by Gregory L. Garland
Early Cold War legislation that still serves as the legal foundation for U.S. public diplomacy prohibits the Voice of America from disseminating information within the United States. This essay, by a Foreign Service public diplomacy specialist, argues that this provision should be eliminated. – Ed.
Thanks to the gift of a shortwave radio, I grew up listening to the Voice of America (VOA). Just like tens of millions of listeners around the world, I knew the VOA program schedule just as well as my friends knew the network TV lineup. Just like tens of millions of listeners in the former Soviet Union, I set my watch to VOA jazz master Willis Conover’s nightly broadcasts that made him a hero there while he remained unknown in his own country. I can safely say that my radio, and especially the VOA, set me on a course that led to a career as a U.S. Foreign Service Officer dealing with public diplomacy.
Little did that boy in Lakeland, Florida, know that what he was doing was illegal. My clandestine behavior put me in the same category as so many people behind the Iron Curtain who shared my enthusiasm for the Voice of America. Under still existing U.S. federal law, I was a subversive, complicit in the illegal broadcasts of the Voice of America within the United States. Listening to other international radio stations was OK, even if they were communist. Thanks to a transmitter in Cuba, I could pick up the not-quite-perfect American accents of Radio Moscow. Radio Havana came in loud and clear in English and Spanish. And on good nights, static-filled broadcasts came in from Britain, Canada, Spain, Egypt, and the Vatican. Yet, VOA had the programming that kept calling me back. In the eyes of my own government, I had fallen victim to hard-core American propaganda.
A provision of the Smith-Mundt Act of 1948 prohibits the Voice of America and all other organs of public diplomacy from disseminating within the United States material intended for foreign publics. What motivated Congress was distrust of the loyalty of the State Department; by banning domestic dissemination, Congress could block State from “propagandizing” the American people. Yet, enforcing the act literally was always fanciful; I got such a clear VOA signal because a powerful transmitter in North Carolina broadcast to Latin America – right through Florida. Later on, the Internet would make the provision irrelevant. VOA transcripts now are available to the world at www.voanews.com, though Smith-Mundt still prohibits Americans from downloading the material without a waiver from Congress. Fortunately, there are no Smith-Mundt police lurking outside the door since the law lacks any enforcement provisions.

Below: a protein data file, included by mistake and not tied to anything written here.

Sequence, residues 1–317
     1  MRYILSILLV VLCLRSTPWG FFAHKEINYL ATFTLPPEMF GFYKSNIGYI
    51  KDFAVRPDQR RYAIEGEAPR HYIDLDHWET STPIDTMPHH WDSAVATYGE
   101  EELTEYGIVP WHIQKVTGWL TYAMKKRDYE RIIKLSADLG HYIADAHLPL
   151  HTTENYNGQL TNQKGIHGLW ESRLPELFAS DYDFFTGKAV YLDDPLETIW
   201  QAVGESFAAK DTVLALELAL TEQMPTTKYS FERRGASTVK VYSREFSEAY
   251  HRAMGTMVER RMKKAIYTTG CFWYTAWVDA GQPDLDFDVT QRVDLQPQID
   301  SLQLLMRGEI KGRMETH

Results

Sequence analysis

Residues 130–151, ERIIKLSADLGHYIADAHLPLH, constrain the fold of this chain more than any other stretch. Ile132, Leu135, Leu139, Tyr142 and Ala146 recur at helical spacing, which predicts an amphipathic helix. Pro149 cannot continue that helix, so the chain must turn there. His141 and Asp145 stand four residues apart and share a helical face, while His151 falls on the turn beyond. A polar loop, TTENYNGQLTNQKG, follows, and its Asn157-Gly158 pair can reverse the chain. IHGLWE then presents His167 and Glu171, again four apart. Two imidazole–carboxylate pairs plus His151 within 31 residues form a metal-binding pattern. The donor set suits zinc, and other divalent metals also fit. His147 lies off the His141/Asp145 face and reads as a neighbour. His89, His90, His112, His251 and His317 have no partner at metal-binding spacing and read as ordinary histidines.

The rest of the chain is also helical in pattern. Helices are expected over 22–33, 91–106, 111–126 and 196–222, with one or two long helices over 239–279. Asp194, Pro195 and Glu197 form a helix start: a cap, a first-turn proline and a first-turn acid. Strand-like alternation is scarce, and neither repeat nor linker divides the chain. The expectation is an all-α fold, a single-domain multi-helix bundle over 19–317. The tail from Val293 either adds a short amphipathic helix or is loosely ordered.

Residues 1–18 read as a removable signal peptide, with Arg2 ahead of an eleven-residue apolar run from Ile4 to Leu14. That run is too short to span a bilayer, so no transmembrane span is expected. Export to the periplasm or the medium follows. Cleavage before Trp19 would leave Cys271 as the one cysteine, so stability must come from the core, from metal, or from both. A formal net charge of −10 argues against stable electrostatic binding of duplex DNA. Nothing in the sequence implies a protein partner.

Despite this glaring flaw, Smith-Mundt as a whole is the vital legal foundation for all U.S. public diplomacy. Questioning the law inevitably means questioning the nature of American public diplomacy. Understanding this, blogger Matt Armstrong (www.mountainrunner.us) organized a conference on January 13 to debate the merits of Smith-Mundt. Panelists included retired officials from the former U.S. Information Agency (USIA), academics, military officers, and one prominent journalist. Most agreed that the law should be tweaked, but there’s not a compelling justification to replace it entirely. Some argued forcefully that communicating with overseas publics requires a different set of programs and expertise than is the case for an American audience. Therefore, we have both www.america.gov for the international public and www.state.gov for Americans. They are equally available online anywhere.
As I sat through the conference, I kept thinking back to my boyhood clandestine listening. Why on earth would Uncle Sam want to keep something from his own citizens but share it with the rest of the world? There may not be any Smith-Mundt police, and the controversial provision in the law may be irrelevant, but it’s still on the books. For all the talk about the need for a more effective public diplomacy or strategic communication, we’re shooting ourselves in the proverbial foot by preaching freedom of the press overseas while practicing censorship at home. Even in the most democratic of societies, all it takes is one aggressive prosecutor to manipulate an otherwise forgotten or irrelevant statute and go after those potential dissidents listening to VOA or reading its webpage. Maybe the idea of the Smith-Mundt police isn’t so fanciful.
Nevertheless, don’t repeal Smith-Mundt. It creates a statutory firewall between resources intended for foreign audiences and those used domestically. Tear down that firewall, and it will be a matter of time before resources and personnel who focus on talking about America overseas are diverted in favor of domestic “public affairs,” the short-term political imperative of any administration. In other words, given the choice about writing about jazz for a world hungry to know about America’s unique art form, or a presidential news conference, guess which will win? Smith-Mundt protects us from that false choice.
There’s a simple solution: tweak Smith-Mundt by getting rid of the one provision banning domestic dissemination. In this age of communication without borders, the existence of such statutory language only subverts America’s most powerful tool of soft power: our ideals.
This article represents the views of the author only, not necessarily those of the U.S. Department of State or the U.S. government.
Gregory L. Garland is Media and Outreach Coordinator for the State Department’s Bureau of African Affairs. A career Foreign Service Officer, he has served in Mozambique, Angola, Mexico, Guinea, and Poland, as well as with the Jacksonville, Florida, International Relations Commission. He graduated from Duke University and holds an M.A. from the University of North Carolina, and a J.D. from the California Western School of Law.